2009 Personal finance resolutions

With every new year we set resolutions.  Losing the weight of debt on your shoulders, trimming the fat from the budget and toning up assets should rank at the top of lists for 2009. 

Let’s face it – 2008 was a real financial stinker.   401k’s lost value, home values fell, credit card debt skyrocketed, unemployment, salary cuts… drink a dixie cup of cheap champagne and say good riddance to 2008.  2009 is the year to get your personal financial house back in order.

Here are some resolutions for thought:

Cutback on Credit Card Usage
Tuck the plastic away and pay cash.  Yes, cash.  It’s that paper and coin stuff in your wallet or purse.  Become friend again with George, Abe and Andrew.  If you aren’t a cash-carrying fan, use your bank debit card.  You’ll be less likely to spend the extra $5-$50 if you know it’s coming directly out of your bank account.

Make a Budget
Strange as it may seems, many people don’t know where their money goes each month.  If this happens to be you… it’s as easy as a notebook and a pen.  Write down what you spend every day for a month.  Track every penny from the electric bill to tipping the parking attendant.  Once you know where you spend, you can start making adjustments.  Be realistic and be ready to cut things – even if it’s for a month – to see if you really miss it.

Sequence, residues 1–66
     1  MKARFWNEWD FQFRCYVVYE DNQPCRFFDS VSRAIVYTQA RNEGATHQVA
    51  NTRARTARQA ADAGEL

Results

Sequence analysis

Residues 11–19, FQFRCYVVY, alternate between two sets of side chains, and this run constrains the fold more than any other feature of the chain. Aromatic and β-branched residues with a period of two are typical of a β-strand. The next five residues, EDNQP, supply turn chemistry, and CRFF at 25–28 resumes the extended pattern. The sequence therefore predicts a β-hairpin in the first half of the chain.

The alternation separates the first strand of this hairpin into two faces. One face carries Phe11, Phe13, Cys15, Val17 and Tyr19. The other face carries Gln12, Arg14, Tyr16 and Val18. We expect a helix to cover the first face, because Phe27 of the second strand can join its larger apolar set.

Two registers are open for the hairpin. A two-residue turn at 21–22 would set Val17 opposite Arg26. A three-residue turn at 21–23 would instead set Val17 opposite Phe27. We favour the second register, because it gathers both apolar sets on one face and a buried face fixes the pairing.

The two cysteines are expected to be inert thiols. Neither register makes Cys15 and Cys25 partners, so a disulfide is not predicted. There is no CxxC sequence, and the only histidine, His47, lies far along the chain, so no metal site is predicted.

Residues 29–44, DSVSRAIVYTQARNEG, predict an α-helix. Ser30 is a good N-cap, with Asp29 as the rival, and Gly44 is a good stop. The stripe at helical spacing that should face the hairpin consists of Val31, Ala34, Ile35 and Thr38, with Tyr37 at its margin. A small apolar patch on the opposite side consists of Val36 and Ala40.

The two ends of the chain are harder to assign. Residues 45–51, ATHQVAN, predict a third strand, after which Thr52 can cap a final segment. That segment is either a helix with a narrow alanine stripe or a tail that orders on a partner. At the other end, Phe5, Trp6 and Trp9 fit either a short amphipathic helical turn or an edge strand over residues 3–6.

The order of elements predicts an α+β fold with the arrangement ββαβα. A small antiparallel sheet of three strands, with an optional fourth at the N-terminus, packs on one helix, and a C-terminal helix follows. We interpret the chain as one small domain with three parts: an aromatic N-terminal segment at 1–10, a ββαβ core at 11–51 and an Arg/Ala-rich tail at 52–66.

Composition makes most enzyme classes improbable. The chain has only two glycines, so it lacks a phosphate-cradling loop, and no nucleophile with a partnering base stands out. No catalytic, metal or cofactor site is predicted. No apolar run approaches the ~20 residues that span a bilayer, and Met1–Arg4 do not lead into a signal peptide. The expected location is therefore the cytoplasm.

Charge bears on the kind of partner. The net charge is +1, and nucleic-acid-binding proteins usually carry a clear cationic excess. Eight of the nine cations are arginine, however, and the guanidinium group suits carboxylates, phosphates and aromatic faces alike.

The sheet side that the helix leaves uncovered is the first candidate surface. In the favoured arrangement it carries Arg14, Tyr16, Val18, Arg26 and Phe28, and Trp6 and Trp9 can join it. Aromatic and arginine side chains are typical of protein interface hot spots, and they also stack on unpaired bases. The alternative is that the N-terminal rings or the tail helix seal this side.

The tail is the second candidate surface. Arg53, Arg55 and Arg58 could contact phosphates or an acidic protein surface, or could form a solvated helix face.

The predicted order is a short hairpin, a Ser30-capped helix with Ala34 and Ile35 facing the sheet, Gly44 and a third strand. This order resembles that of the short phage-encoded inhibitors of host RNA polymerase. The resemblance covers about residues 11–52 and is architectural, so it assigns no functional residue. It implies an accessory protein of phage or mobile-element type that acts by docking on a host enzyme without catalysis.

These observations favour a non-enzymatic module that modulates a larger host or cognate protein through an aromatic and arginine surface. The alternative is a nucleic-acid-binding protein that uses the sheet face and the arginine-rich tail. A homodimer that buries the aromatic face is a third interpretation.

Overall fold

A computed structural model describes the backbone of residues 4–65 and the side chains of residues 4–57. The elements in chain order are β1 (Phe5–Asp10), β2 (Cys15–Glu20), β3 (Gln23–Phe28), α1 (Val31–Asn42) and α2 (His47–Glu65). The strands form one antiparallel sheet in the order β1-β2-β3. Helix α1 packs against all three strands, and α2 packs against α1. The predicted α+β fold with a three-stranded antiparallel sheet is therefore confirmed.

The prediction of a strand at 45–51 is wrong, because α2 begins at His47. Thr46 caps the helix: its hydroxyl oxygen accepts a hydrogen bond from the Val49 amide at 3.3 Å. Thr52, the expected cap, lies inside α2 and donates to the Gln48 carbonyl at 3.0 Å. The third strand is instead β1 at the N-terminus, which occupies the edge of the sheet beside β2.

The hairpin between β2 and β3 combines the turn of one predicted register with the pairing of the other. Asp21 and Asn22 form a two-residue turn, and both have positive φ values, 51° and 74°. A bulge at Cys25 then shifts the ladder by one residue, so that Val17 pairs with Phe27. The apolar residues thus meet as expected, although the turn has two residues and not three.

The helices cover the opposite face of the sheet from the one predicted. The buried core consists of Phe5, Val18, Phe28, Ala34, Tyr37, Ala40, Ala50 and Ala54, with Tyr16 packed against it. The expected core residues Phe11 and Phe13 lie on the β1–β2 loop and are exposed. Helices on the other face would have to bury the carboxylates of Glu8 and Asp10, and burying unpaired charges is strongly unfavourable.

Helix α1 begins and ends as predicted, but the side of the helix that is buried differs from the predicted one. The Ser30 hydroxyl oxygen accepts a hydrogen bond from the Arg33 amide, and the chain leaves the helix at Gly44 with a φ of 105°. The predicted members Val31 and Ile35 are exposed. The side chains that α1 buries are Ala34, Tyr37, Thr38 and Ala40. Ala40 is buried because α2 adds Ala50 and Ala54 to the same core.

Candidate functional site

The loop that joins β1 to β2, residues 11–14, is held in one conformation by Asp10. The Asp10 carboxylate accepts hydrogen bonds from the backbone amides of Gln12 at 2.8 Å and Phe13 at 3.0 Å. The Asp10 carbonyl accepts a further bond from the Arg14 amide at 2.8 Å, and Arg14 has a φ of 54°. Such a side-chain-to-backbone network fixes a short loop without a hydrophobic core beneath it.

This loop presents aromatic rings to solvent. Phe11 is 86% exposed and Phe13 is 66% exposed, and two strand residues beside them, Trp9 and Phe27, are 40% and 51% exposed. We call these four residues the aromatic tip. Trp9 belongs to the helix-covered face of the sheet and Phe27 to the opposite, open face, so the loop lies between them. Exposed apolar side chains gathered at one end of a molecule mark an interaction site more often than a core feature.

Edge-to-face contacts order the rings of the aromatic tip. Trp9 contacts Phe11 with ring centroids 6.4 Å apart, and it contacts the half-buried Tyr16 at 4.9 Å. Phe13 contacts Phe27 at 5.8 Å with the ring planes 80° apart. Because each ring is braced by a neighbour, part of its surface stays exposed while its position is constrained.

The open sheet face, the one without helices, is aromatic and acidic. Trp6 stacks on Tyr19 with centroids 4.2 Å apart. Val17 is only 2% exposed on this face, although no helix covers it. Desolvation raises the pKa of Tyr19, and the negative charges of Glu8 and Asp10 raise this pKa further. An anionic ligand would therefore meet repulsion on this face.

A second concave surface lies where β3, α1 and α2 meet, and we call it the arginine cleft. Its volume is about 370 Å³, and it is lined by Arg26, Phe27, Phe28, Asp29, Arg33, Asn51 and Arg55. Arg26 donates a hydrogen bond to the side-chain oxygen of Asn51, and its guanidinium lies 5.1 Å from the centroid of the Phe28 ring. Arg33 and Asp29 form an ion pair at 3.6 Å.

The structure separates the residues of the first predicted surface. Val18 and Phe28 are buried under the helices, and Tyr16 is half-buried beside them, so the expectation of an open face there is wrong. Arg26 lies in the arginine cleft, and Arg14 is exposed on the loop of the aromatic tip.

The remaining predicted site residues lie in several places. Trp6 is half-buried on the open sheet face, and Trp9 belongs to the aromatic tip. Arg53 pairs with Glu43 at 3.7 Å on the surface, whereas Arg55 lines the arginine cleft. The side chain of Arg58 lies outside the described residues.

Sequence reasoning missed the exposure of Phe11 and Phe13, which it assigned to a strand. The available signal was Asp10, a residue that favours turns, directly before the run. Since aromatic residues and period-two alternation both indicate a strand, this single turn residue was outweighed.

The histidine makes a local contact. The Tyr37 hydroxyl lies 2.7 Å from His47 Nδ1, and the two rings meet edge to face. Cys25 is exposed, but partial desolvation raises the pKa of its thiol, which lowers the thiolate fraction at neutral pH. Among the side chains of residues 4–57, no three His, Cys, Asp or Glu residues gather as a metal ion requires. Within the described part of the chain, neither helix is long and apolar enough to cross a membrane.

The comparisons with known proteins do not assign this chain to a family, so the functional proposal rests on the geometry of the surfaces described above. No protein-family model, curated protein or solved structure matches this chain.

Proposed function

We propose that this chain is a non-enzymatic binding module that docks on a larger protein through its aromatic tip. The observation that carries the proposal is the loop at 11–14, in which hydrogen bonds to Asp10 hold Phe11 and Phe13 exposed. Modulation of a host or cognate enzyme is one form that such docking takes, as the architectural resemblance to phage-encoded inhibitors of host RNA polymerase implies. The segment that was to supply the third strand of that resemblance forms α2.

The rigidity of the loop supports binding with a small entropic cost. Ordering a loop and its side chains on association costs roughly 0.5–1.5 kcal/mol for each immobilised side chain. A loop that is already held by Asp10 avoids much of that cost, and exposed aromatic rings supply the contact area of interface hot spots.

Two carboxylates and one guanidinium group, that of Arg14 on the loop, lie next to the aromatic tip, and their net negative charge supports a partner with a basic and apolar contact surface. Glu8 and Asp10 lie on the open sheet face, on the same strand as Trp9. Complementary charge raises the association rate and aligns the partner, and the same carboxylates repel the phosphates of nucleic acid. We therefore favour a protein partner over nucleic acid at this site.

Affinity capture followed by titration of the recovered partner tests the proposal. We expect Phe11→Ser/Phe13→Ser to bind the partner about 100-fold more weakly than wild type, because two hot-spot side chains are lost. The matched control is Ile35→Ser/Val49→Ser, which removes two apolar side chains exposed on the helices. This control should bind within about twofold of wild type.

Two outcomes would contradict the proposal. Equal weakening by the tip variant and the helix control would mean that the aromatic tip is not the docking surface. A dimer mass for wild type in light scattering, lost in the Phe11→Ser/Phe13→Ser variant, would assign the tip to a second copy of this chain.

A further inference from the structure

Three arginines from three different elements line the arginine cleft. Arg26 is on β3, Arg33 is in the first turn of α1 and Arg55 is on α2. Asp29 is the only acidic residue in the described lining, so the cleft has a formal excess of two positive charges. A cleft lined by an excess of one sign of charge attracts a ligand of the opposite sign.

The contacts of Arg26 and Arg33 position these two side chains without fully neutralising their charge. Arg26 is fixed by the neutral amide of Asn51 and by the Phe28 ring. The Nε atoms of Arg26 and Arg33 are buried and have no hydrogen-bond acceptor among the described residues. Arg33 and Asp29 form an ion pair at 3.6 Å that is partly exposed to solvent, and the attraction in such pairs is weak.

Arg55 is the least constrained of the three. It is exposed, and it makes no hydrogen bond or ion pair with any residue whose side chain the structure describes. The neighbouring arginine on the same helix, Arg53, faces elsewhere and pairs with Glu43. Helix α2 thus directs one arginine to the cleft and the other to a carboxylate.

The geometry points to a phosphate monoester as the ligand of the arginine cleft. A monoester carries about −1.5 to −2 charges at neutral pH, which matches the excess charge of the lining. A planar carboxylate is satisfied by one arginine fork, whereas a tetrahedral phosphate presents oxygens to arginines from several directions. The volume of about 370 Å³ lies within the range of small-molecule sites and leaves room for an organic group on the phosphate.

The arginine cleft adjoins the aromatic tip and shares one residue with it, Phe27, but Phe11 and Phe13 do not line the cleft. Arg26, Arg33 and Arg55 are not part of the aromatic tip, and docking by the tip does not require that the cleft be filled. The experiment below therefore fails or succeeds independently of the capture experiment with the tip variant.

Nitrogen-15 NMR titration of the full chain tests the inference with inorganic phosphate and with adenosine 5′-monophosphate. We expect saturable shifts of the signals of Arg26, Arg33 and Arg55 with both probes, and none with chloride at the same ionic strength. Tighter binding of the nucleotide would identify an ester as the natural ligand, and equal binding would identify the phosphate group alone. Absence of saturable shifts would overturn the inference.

Make a Commitment to Know and Improve Your Credit Score
If you don’t know what your credit score is, you need to.  It’s like knowing your weight.  If you don’t know what the number is and set a goal, how will you know when you get there?  Find your credit score using sites such as MyFico which is free an provides you with a full credit report.  Improving your credit score by paying bills on time and lowering debt will save you money in the long-run by being rewarded with lower interest rates.  Tip: Mark your calendar to order a credit report every six months to track your progress.

Pay More Than the Minimum